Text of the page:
Canadian Prime Minister Justin Trudeau attends a fundraiser in Brampton, Ontario, Canada, July 5, 2018.
Canadian Prime Minister Justin Trudeau attends a fundraiser in Brampton, Ontario, Canada, July 5, 2018. Reuters/Carlo Allegri

Canadian Prime Minister Justin Trudeau has responded to allegations that he groped a journalist almost two decades ago. He has again denied he acted “inappropriately” to the reporter when he was just 28.

A local newspaper first reported the accusation days after the alleged incident in 2000, saying Trudeau, who was then a teacher, groped a young female reporter during a music festival in British Columbia. The unsigned editorial in Creston Valley Advance, a photo of which was tweeted by political commentator Warren Kinsella, did not give details on the alleged incident, only that Trudeau apologised a day later for “inappropriately ‘handling’ the reporter while she was on assignment.”

“I’m sorry. If I had known you were reporting for a national paper, I never would have been so forward,” he allegedly said at that time.

On Monday, Trudeau addressed the allegation briefly, saying he did not recall any “negative interactions” on that day. But increasing criticisms from the opposition and the public, as well as the fact that the accusation was hurting his brand, have perhaps prompted him to address the incident once more.

“I’ve been reflecting very carefully on what I remember from that incident almost 20 years ago,” he told reporters on Thursday. “And again, I’m confident that I do not feel that I acted inappropriately in any way. But I respect the fact that someone else might have experienced that differently.”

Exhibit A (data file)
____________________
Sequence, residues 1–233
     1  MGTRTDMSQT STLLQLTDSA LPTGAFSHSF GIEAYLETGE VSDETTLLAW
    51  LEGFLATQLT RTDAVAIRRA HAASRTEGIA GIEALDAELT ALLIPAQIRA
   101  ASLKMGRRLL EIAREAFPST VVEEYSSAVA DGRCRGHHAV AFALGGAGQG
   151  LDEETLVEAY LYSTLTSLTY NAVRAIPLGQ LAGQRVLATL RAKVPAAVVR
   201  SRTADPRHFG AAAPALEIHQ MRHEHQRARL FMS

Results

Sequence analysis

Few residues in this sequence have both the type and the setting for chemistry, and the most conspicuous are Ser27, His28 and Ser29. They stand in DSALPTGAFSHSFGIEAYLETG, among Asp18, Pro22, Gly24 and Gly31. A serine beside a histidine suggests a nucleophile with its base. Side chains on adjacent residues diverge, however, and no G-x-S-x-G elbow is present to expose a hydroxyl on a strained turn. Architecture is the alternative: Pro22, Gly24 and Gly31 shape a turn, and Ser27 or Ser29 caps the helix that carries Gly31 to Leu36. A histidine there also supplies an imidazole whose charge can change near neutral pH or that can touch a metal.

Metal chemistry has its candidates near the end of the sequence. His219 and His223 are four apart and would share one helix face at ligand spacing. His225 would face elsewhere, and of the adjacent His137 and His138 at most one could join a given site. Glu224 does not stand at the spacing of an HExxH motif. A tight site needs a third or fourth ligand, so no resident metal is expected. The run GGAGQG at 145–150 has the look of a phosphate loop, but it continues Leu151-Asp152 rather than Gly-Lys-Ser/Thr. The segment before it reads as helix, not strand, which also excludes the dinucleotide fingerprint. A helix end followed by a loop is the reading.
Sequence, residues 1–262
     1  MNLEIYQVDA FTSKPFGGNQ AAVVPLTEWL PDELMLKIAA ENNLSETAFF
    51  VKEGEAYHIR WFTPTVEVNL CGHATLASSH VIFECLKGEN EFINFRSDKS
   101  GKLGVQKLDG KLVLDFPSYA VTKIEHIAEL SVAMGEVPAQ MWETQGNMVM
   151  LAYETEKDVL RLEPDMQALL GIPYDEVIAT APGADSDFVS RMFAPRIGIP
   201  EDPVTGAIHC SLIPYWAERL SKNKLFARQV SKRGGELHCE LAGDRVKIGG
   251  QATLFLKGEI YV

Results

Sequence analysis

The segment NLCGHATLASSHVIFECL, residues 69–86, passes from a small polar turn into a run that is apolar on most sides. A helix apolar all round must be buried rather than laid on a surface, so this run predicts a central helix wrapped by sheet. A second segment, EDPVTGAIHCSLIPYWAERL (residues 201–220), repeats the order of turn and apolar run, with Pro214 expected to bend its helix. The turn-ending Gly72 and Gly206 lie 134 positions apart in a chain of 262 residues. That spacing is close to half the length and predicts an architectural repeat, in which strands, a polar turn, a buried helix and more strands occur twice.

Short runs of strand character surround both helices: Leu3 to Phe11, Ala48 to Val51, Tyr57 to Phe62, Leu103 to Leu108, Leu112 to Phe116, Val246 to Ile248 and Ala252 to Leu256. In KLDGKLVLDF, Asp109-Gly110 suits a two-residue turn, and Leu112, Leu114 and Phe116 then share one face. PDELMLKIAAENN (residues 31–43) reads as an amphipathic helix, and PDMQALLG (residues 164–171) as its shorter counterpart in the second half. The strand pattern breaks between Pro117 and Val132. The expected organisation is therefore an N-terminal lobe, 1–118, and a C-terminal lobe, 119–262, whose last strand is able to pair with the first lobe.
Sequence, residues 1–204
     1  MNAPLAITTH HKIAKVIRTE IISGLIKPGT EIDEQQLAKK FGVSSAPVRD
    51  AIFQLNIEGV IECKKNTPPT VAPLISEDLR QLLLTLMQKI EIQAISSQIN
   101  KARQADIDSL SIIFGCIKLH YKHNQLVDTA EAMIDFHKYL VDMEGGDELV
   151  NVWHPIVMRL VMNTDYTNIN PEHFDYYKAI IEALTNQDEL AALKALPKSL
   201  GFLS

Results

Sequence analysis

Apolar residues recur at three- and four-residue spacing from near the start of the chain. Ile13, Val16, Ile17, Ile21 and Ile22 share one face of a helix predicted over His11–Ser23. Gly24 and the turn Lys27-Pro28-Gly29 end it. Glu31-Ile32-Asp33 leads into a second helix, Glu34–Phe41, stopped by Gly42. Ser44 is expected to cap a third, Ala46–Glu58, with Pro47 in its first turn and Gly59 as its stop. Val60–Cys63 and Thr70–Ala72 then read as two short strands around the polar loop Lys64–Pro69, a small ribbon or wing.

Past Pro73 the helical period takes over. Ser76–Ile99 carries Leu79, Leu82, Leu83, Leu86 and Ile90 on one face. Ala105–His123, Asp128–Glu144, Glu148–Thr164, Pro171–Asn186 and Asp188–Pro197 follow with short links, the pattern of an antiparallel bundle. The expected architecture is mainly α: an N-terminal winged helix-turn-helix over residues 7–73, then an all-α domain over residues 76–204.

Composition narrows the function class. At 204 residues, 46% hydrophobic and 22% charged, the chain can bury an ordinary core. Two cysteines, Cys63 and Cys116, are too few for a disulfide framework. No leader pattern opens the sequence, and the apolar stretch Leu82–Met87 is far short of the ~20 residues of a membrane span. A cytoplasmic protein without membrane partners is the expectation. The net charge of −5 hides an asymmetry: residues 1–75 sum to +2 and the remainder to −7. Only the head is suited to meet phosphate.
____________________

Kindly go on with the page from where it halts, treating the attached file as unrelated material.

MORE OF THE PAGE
On why he apologised a day later, as the paper had claimed, Trudeau said it was because he sensed that the reporter was not entirely comfortable with the interaction they had. He said neither he nor his team had attempted to contact the woman because they did not think it would be appropriate.

According to CBC, it had contacted the reporter but she refused to be identified and did not want to be associated with the incident.

“I don’t want to speak for her, I don’t want to presume how she feels now,” he said. I’m responsible for my side of the interaction, which certainly, as I said, I don’t feel was in any way untoward.”

He acknowledged, though, that women might not share the same experience as a man in such incident. “Often a man experiences an interaction as being benign or not inappropriate, and a woman, particularly in a professional context, can experience it differently. And we have to respect that and reflect on it.”